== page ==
• Lets you package your own software or find AWS-provided agent software packages to install on Systems Manager managed instances.
    • After you create a package in Distributor, which creates an Systems Manager document, you can install the package in one of the following ways.
        • One time by using Systems Manager Run Command.
        • On a schedule by using Systems Manager State Manager.
  • Patch Manager
    • Automate the process of patching your managed instances.
    • Enables you to scan instances for missing patches and apply missing patches individually or to large groups of instances by using EC2 instance tags.
    • For security patches, Patch Manager uses patch baselines that include rules for auto-approving patches within days of their release, as well as a list of approved and rejected patches.
  • Maintenance Window
    • Set up recurring schedules for managed instances to execute administrative tasks like installing patches and updates without interrupting business-critical operations.
    • Supports running four types of tasks:
        • Systems Manager Run Command commands
        • Systems Manager Automation workflows
        • AWS Lambda functions
        • AWS Step Functions tasks
  • Systems Manager Document (SSM)
    • Defines the actions that Systems Manager performs.
    • Types of SSM Documents

Type

Use with

Details

Command document

Run Command,

State Manager

Run Command uses command documents to execute commands. State Manager uses command documents to apply a configuration. These actions can be run on one or more targets at any point during the lifecycle of an instance.

Policy document

State Manager

Policy documents enforce a policy on your targets. If the policy document is removed, the policy action no longer happens.

Automation document

Automation

Use automation documents when performing common maintenance and deployment tasks such as creating or updating an AMI.

Package document

Distributor

In Distributor, a package is represented by a Systems Manager document. A package document includes attached ZIP archive files that contain software or assets to install on managed instances. Creating a package in Distributor creates the package document.

 

    • Can be in JSON or YAML.
    • You can create and save different versions of documents. You can then specify a default version for each document.
    • If you want to customize the steps and actions in a document, you can create your own.
    • You can tag your documents to help you quickly identify one or more documents based on the tags you’ve assigned to them.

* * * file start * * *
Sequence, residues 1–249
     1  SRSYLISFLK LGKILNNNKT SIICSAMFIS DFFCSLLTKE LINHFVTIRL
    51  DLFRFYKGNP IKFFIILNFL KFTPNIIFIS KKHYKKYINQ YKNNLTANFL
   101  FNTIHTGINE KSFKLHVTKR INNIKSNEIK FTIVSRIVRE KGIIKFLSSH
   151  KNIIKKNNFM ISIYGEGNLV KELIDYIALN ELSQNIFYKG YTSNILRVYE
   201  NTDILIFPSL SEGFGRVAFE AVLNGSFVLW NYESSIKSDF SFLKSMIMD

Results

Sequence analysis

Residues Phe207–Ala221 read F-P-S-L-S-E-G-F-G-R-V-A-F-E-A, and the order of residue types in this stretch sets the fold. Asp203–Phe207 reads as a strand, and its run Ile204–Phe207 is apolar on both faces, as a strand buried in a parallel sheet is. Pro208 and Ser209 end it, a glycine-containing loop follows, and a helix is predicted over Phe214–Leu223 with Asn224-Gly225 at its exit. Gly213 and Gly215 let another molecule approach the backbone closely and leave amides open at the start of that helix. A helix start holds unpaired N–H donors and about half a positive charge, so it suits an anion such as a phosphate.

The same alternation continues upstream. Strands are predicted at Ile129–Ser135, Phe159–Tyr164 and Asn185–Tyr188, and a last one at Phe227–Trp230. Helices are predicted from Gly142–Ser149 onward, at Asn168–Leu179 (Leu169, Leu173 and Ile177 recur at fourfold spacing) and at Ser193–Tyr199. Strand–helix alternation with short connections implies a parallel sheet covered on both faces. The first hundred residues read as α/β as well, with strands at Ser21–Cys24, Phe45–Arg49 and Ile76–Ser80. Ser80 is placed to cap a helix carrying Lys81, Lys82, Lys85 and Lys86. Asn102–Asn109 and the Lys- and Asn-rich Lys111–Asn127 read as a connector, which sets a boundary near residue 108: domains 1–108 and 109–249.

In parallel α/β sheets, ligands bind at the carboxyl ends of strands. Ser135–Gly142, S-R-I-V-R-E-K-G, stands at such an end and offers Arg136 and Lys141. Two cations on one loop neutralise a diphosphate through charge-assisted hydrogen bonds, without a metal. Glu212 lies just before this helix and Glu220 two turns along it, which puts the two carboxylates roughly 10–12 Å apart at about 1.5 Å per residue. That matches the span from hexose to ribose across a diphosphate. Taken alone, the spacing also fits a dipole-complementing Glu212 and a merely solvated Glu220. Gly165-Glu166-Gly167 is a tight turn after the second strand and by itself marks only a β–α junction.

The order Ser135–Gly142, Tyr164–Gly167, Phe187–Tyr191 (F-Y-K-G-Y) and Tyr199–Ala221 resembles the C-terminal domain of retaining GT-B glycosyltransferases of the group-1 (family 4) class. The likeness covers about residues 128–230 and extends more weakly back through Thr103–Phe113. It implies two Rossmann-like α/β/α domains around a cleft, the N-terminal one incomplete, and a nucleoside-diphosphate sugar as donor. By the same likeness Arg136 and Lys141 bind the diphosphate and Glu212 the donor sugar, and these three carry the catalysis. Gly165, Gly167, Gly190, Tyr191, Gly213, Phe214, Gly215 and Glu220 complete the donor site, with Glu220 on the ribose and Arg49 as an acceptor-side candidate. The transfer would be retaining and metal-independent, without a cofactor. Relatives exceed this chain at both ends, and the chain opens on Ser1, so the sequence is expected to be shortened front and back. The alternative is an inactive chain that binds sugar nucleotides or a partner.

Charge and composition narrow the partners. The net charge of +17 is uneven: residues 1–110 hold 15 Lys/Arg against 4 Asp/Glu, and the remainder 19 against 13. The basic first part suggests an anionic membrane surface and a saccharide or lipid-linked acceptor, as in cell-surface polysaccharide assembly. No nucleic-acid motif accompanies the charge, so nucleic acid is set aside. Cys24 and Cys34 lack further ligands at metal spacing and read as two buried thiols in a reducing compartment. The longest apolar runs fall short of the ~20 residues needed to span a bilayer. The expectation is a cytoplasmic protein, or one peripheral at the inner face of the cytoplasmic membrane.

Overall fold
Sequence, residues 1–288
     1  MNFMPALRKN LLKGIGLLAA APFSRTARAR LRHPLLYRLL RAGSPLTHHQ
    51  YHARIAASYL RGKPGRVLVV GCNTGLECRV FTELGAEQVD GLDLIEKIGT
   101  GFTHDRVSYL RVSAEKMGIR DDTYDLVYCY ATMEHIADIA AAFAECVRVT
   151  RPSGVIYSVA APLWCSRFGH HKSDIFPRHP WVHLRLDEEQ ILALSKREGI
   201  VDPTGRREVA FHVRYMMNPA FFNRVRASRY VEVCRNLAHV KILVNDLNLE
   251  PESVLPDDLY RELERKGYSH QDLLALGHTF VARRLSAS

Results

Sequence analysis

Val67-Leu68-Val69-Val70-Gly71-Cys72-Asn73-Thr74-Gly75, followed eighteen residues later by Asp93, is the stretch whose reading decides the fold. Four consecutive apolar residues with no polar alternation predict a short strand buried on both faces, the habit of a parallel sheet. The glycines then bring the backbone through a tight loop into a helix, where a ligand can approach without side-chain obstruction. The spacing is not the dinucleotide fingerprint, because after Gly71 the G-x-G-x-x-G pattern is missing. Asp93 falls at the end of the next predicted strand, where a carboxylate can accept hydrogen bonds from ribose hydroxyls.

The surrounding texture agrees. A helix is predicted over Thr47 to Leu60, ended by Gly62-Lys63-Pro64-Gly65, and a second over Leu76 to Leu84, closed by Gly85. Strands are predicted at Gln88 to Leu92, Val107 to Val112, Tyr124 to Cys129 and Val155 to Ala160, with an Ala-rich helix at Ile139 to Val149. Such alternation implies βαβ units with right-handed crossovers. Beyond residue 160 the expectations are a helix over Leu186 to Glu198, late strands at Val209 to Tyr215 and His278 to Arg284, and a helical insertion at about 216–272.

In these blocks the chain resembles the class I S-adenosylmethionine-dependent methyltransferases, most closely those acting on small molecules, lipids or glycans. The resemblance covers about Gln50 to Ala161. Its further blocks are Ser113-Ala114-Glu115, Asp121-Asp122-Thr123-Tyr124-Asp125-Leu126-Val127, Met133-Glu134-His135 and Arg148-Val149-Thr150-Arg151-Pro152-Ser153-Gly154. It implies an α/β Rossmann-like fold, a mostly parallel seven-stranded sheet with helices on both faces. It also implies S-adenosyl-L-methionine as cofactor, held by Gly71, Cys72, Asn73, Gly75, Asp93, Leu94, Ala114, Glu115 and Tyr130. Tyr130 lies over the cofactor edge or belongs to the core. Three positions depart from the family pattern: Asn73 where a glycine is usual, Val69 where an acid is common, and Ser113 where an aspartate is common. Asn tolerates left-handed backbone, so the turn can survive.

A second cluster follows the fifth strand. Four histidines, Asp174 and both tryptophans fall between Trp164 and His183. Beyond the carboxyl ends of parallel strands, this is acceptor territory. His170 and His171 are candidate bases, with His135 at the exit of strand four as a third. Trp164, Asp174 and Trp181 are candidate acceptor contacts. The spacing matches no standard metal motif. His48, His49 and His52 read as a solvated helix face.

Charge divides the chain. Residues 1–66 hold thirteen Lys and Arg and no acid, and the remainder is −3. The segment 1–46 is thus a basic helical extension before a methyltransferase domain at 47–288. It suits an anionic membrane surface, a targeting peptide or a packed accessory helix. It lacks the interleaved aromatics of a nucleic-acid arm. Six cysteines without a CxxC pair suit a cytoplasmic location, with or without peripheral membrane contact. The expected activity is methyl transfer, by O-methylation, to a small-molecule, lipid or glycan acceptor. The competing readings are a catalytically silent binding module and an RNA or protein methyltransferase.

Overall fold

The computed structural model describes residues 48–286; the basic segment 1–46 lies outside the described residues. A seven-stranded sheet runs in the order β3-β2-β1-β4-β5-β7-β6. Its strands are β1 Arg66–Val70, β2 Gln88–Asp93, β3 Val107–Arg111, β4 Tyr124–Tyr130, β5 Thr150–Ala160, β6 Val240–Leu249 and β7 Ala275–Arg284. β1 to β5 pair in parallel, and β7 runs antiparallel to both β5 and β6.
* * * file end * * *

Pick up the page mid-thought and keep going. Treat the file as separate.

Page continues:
• State Manager
    • A service that automates the process of keeping your EC2 and hybrid infrastructure in a state that you define.
    • A State Manager association is a configuration that is assigned to your managed instances. The configuration defines the state that you want to maintain on your instances. The association also specifies actions to take when applying the configuration.
  • Parameter Store
    • Provides secure, hierarchical storage for configuration data and secrets management.
    • You can store values as plain text or encrypted data.
    • Parameters work with Systems Manager capabilities such as Run Command, State Manager, and Automation.

Monitoring

  • SSM Agent writes information about executions, scheduled actions, errors, and health statuses to log files on each instance. For more efficient instance monitoring, you can configure either SSM Agent itself or the CloudWatch Agent to send this log data to CloudWatch Logs.
  • Using CloudWatch Logs, you can monitor log data in real-time, search and filter log data by creating one or more metric filters, and archive and retrieve historical data when you need it.
  • Log System Manager API calls with CloudTrail.

Security

  • Systems Managers is linked directly to IAM for access controls.

Pricing

  • For your own packages, you pay only for what you use. Upon transferring a package into Distributor, you will be charged based on the size and duration of storage for that package, the number of Get and Describe API calls made, and the amount of out-of-Region and on-premises data transfer out of Distributor for those packages.
  • You are charged based on the number and type of Automation steps.

Limits

Resource

Default Limit

Total amount of Automation execution time per month

Systems Manager will process a maximum of 1,000,000 seconds of Automation executions for each AWS account and in each AWS Region per month.

Total number of Automation step executions per month